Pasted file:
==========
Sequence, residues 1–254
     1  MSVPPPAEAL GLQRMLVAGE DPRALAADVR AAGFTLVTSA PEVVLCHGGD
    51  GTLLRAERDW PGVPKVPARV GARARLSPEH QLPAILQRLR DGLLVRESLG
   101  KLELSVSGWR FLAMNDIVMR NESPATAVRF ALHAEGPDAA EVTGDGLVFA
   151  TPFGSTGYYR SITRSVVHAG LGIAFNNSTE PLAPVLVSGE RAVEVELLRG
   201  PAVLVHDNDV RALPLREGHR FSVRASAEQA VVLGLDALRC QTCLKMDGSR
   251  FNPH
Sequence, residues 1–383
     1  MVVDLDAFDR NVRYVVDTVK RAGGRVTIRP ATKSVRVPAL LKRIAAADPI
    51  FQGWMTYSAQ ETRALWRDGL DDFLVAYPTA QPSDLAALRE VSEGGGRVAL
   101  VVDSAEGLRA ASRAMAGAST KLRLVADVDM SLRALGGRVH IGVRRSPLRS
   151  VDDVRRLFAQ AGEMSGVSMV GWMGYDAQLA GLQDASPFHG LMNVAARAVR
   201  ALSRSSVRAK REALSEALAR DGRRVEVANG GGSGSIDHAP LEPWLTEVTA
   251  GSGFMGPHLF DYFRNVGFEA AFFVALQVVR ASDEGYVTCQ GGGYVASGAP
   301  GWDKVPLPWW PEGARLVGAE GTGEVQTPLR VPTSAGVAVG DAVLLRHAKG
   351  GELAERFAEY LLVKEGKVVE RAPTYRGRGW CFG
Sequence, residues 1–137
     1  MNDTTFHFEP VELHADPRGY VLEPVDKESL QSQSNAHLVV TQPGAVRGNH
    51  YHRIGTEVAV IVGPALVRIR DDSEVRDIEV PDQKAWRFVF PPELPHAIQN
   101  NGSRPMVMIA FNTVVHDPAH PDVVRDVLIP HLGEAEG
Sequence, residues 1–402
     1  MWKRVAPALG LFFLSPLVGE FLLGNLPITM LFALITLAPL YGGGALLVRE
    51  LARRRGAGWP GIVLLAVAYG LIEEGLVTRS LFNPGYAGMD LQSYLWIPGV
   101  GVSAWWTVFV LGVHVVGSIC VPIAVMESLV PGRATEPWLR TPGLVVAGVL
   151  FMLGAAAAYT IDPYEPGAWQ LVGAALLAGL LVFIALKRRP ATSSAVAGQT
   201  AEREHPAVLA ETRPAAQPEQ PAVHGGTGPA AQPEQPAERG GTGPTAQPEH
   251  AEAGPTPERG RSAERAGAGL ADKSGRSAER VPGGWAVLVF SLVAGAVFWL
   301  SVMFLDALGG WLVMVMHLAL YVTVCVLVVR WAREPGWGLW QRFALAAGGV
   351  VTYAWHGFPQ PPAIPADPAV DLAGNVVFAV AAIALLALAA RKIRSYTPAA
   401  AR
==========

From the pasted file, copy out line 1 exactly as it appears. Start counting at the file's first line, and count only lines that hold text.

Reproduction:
Sequence, residues 1–254